Today I have three cards from Saint Petersburg, Russia, a UNESCO World Heritage Site.
The first card is an official Postcrossing card and shows the Alexander column in the Palace Square, in front of the famed Winter Palace. The column was completed in 1834 to commemorate the Russian victory against Napoleon. It was named after the Tsar Alexander I.
The second card, also from Postcrossing, shows a lion sculpture on the Palace Embankment, with a view of the Winter Palace in the background. The Winter Palace was the official home of the Russian tsars between 1732 and 1917. Peter the Great, the founder of Saint Petersburg, built the first Winter Palace on the site in the early 1700s. The current Winter Palace is an expansion of the Apraskin Palace that was undertaken by Tsaritsa Anna starting in 1732.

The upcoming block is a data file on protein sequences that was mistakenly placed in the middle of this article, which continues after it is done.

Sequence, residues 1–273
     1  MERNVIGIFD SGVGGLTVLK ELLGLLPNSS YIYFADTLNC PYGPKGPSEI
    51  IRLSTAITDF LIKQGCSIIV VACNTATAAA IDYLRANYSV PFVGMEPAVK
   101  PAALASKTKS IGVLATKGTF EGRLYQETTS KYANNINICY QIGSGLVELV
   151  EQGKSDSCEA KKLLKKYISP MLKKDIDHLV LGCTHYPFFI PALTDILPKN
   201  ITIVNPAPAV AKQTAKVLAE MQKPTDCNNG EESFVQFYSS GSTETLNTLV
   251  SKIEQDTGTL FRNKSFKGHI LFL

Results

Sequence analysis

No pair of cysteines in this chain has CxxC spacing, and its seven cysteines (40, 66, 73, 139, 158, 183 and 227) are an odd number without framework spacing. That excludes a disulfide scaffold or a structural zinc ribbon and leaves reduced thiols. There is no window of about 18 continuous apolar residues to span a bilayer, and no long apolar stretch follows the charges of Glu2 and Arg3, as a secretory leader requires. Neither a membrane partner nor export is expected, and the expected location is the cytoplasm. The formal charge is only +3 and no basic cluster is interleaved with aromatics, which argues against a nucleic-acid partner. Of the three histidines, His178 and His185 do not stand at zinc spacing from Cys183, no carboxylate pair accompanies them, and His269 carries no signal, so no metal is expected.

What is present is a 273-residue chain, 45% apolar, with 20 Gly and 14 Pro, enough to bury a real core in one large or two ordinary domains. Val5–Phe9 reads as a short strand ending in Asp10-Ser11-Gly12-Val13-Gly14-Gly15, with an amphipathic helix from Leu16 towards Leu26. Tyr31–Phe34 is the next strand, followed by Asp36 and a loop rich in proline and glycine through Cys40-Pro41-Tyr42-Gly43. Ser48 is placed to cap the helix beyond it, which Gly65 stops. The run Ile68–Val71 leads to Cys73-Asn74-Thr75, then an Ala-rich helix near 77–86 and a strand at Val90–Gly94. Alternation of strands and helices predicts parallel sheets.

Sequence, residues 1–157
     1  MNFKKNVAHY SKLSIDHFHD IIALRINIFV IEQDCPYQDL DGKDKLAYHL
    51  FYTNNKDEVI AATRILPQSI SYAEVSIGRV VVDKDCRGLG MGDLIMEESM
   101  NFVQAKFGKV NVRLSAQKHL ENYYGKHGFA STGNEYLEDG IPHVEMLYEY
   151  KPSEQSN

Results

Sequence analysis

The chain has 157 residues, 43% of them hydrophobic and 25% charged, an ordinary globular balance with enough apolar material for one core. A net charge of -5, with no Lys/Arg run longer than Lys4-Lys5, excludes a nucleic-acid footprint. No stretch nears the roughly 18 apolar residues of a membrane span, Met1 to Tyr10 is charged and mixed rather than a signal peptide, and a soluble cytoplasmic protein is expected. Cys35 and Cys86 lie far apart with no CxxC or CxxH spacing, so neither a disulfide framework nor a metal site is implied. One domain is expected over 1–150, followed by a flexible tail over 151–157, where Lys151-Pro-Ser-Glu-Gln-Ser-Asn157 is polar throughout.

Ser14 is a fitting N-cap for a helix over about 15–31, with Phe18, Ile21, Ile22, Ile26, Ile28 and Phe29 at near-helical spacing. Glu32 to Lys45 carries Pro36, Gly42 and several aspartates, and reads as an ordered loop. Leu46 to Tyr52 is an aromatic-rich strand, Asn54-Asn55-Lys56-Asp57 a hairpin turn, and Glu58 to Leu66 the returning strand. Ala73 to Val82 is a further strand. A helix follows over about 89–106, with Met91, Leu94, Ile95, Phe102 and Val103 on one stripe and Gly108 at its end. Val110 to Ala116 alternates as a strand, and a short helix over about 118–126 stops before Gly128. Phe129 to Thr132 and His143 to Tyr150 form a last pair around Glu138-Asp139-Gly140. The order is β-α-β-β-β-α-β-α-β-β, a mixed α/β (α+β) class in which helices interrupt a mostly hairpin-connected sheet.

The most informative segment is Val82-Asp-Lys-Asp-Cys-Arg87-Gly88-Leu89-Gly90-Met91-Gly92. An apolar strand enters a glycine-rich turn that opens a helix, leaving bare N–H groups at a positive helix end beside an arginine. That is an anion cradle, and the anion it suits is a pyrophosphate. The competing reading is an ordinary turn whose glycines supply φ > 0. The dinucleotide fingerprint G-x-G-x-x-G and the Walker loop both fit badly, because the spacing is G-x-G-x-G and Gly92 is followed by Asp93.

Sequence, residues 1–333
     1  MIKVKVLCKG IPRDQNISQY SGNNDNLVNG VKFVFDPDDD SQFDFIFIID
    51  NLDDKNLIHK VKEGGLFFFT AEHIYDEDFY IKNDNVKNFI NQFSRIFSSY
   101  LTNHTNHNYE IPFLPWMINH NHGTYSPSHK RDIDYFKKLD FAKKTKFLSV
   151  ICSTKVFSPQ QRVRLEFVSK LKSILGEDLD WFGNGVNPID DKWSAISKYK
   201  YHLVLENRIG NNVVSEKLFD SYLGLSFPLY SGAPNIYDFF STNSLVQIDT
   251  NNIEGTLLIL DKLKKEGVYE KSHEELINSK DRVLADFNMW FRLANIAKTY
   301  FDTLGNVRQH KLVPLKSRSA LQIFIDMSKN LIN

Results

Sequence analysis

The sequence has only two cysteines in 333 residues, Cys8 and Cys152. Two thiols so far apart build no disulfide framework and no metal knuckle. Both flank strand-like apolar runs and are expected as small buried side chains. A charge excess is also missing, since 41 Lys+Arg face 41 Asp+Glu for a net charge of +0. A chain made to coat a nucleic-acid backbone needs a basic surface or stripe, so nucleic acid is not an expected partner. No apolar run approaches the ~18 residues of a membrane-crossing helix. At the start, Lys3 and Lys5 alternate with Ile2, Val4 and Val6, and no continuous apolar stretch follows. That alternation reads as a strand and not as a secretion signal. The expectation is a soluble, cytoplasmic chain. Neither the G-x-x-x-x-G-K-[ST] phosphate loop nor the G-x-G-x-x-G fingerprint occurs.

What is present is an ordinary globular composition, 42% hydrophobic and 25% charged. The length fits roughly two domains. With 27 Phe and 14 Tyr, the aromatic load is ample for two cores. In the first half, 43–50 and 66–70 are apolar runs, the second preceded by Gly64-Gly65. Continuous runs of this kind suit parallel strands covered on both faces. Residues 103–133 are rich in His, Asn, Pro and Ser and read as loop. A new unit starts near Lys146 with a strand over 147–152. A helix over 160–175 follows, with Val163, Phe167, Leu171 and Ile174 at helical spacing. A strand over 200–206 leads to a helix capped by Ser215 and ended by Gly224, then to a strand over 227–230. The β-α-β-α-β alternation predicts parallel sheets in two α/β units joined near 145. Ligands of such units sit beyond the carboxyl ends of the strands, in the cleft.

And finally, this card shows the Church on Spilt Blood, built in 1883 on the site of Emperor Alexander II’s assassination. Alexander II was assassinated in 1881. Alexander II was known as a great reformer of Russian government, but his assassination greatly set back the reforms and his successors, his son Alexander III and grandson Nicholas II, were much more repressive, leading to the revolution in 1917. Who knows what might have happened if Alexander II had not been assassinated.
There were some new and interesting stamps on the cards, as you can see:
On the left is a stamp from 2013 showing the Admiralty Building and St. Isaac’s Cathedral in St. Petersburg. The stamp on the right is from 2010 and shows the Kattashi, a Russian headdress.
In the second set of stamps, on the top is a stamp from 2011 showing a Russian military aircraft. On the bottom is a stamp from 2009 showing Adolph Theodor Kupffer, a chemist and physicist who founded the Depot of Standard Weights and Measures in Russia.